This issue covers IJN Light Cruisers that were produced from 1919 - 1945. During this time period there were twenty-four (This is the number that I came up with from Wikipedia. If it is incorrect, please forgive me as I am still new into IJN subjects, but learning.  Light cruisers built and these fell into seven different classes. The classes being the Nagaro, Agano, Tenryu, Kuma, Sendai, Oyodo and Katori.

The magazine is broken down into ten sections. Section one thru five covers the guns, torpedo tubes and catapults found on these cruisers. Each gun is represented by a line drawing, model kit parts, and a period b&w photo. The catapults are represented by line drawings.

The Sopwith Dolphin in RFC, RNAS, RAF and Polish Service

Published: March 11th, 2015     
The Sopwith Dolphin in RFC, RNAS, RAF and Polish Service
Author: Mick Davis, Philip Jarrett, Norman Franks,
Reviewed by: Frank Landrus, IPMS# 35035
Company: Cross & Cockade International

This is Cross & Cockade International’s fourth book in their series of WW1 aircraft. The first was Nieuports in RNAS, RFC and RAF Service (2007). The second was the Royal Aircraft Factory Fe2b/d and Variants (2009). Somehow the third (Although still yet to be published) will cover the Airco DH 2.

This tome was developed in cooperation with the Royal Air Force Museum and it shows. Many of the some 300 plus B&W photos and details were pulled from the archives of the museum where they are nicely reproduced on the slick paper of this monograph. The front and back covers, as well as the inside covers feature six color paintings of Dolphins in action. The final chapter on the RAF Museum’s restoration of a composite Dolphin (now C3988 at Hendon) alone has nearly fifty color photographs.

Before And Beyond The Niihau Zero

Published: March 8th, 2015     
Before And Beyond The Niihau Zero
Author: Syd Jones
Reviewed by: Roger A Rasor, IPMS# 34117
Company: Signum Ops

If you believe you know a lot about the Japanese attack on Pearl Harbor but don’t know about the Niihau Zero, you are in the same boat I was in before reading Syd Jones’ book about this obscure episode.   During the second raid on December 7, 1941, a flight of A6M2s from the carrier Hiryu made a series of low level strafing runs on Bellows Field.  After making what would be his final pass, Naval Airman1st Class Shigenori Nishikaichi was forced to break away from the group and climb to distance himself from the small arms ground fire that had peppered his aircraft.  The Zero seemed to be responding to the controls and he was at maximum power but the cockpit was welling up with fumes.  He cracked open the canopy for fresh air and was surprised to find he was alone.  There were no American defenders in the air and by now he was far from the action.  He could see that his control column and rudder bar had been damaged by the ground fire, his seat pan had taken a hit and he could hear wind whistling through bullet holes in the fuselage.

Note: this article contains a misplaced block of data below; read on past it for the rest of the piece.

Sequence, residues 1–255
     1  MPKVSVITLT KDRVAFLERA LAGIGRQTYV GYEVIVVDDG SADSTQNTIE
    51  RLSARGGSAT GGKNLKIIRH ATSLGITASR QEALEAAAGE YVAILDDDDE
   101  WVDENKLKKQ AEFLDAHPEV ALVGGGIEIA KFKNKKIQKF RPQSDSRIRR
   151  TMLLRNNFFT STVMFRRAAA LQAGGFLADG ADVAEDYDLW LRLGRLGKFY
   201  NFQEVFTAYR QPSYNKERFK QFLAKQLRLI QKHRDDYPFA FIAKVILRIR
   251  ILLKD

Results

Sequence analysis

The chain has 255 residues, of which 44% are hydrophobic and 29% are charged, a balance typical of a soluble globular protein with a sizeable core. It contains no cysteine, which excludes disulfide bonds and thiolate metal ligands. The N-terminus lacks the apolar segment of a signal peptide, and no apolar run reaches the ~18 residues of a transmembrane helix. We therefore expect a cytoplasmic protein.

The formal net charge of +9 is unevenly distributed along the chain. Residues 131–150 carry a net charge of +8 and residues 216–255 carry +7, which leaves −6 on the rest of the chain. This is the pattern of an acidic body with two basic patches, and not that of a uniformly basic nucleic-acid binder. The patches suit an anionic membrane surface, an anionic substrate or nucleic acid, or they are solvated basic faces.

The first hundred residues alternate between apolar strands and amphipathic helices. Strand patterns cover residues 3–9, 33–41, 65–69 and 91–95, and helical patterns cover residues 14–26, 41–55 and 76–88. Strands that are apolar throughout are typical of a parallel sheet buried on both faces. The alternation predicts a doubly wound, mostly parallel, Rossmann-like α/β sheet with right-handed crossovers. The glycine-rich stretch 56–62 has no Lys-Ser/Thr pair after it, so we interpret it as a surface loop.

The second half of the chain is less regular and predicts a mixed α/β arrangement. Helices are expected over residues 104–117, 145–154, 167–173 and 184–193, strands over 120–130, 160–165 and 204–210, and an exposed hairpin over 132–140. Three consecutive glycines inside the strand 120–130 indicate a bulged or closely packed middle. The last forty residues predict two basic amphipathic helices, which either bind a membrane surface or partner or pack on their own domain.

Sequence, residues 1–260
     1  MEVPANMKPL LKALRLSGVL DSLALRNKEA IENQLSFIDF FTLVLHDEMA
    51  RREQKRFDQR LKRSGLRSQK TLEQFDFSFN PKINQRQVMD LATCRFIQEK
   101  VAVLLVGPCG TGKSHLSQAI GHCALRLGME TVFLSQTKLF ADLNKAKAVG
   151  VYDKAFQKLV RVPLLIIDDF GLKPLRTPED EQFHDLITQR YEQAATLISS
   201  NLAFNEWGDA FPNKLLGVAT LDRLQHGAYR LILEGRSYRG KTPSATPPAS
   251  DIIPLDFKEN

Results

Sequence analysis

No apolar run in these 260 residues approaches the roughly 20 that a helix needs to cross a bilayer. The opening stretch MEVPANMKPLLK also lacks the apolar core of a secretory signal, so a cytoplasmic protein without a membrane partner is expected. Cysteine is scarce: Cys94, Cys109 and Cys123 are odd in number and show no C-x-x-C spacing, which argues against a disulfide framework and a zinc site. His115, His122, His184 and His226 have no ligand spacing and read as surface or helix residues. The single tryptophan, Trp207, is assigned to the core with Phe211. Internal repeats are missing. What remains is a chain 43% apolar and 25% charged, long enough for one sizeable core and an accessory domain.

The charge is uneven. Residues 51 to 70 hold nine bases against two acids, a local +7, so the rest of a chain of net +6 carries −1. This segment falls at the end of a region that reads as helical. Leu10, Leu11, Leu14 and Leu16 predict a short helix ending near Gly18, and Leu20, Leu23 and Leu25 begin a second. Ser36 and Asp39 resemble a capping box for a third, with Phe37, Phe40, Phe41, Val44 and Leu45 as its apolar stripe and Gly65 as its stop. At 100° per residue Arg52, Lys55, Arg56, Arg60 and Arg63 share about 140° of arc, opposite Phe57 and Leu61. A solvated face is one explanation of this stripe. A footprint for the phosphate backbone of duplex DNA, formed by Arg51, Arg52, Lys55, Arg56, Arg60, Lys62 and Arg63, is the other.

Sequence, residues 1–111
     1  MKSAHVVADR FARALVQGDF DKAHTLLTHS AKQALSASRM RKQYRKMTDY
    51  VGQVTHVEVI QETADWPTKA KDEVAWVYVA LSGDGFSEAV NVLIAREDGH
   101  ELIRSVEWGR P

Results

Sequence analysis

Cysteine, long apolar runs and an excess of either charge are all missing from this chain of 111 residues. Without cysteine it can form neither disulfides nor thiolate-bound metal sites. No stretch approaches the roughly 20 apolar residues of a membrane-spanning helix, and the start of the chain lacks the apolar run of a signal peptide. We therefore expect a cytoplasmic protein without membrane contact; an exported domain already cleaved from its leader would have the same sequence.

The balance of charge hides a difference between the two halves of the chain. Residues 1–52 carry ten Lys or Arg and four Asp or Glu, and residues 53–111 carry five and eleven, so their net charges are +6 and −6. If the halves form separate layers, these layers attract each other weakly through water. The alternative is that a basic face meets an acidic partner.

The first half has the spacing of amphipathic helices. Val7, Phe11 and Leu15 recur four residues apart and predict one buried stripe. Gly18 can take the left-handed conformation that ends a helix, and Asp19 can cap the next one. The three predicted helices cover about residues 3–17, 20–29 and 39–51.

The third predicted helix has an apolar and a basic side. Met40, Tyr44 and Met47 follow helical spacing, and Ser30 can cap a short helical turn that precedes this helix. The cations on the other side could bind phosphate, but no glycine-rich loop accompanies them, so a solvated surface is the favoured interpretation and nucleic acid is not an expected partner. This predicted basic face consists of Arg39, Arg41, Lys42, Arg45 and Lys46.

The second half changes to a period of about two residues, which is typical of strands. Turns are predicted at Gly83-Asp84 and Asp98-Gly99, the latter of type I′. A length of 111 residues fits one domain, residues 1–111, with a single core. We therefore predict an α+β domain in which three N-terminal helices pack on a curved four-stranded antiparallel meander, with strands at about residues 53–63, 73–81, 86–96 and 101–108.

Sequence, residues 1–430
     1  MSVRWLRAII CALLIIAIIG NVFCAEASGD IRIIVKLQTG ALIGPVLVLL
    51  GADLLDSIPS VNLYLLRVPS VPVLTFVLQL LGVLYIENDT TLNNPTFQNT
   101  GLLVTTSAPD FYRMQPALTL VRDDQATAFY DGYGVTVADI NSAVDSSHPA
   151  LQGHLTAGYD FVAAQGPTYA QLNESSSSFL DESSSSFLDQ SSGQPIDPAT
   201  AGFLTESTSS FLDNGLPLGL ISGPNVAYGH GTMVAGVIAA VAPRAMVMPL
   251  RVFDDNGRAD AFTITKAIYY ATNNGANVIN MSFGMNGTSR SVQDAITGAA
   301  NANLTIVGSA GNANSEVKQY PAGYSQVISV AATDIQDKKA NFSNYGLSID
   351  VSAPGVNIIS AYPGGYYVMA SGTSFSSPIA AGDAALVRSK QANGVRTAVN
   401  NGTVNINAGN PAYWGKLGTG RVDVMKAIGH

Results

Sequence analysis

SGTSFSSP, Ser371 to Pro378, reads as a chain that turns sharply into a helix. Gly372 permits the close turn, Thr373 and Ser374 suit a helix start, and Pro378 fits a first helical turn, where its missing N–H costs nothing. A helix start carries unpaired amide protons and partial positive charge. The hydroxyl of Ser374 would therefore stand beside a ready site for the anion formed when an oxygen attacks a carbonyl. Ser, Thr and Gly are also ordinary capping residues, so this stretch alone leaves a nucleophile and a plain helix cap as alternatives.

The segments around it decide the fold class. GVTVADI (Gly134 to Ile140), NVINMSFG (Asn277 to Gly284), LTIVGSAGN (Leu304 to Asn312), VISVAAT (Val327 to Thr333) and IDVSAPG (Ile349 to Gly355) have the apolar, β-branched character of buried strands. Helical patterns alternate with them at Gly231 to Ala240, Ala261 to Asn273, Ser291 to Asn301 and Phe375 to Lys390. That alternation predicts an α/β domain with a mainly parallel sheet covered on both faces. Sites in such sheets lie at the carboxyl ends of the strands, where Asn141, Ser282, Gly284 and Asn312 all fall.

Scale Aircraft Modelling, Vol. 36, Issue 12

Published: March 8th, 2015     
Scale Aircraft Modelling, Vol. 36, Issue 12
Reviewed by: Dave Morrissette, IPMS# 33643
Company: Scale Aircraft Modelling

I get excited when the new issues of Scale Aircraft Modeling arrive. This issue had a large surprise upfront in that the editor, Jay Laverty, has moved on and they are in search of a new editor. The good news is that Neil Robinson, frequent builder and previous editor has stepped in to keep the great article coming. While the previous formats have been consistent, this interim issue is a collections of great articles an aviation in profile plus two bonus profile sets and all the expected news on new releases and current in stock materials.

To start, the Aviation in profile series has eleven pages of coverage of the North American T-2 Buckeye. There are bunches of different color schemes including the trainer colors but also camouflage version of Greek use as well as some really interesting Navy schemes.

The second profile is the Sepecat Jaguar which has several pages of photographs and two pages of great color profiles. There are color call outs in ModelMaster brands for all colors which is extremely helpful. There is also an excellent build of the Revell kit but more on that later.

Show Rod Model Kits Preview

Published: March 3rd, 2015     
Show Rod Model Kits Preview
Author: Scotty Gosson
Reviewed by: Bill O’Malley, IPMS# 46473
Company: CarTech Auto Books & Manuals

This excellent book is a showcase of show rod model kits from the perspective of a collector rather than a model builder. The book is an excellent read and includes hundreds of photos of classic show rod kits.

The first chapter is An illustrated History of Show Rod Modeling. The section describes how in the 1960s scale hot rod models begin to replace factory cars and older classic cars in popularity. Several examples of early show cars included the Lincoln Futura, Leva Car, and Outlaw as examples of early show rods. The chapter has 50 pages listing some of the most popular and most collectible show rod kids.

Chapter 2, The Corporate Sprue, describes the formation of the early model car companies and again includes some early kits as examples.

Chapter 3, The Human Element contains two Q&A sessions, one with show rod & model designers Tom Daniel, Ed Newton, and John Bogosian. The second session is with an advisory panel of show rod builders and collectors talking about their experiences with kit building and collecting kits.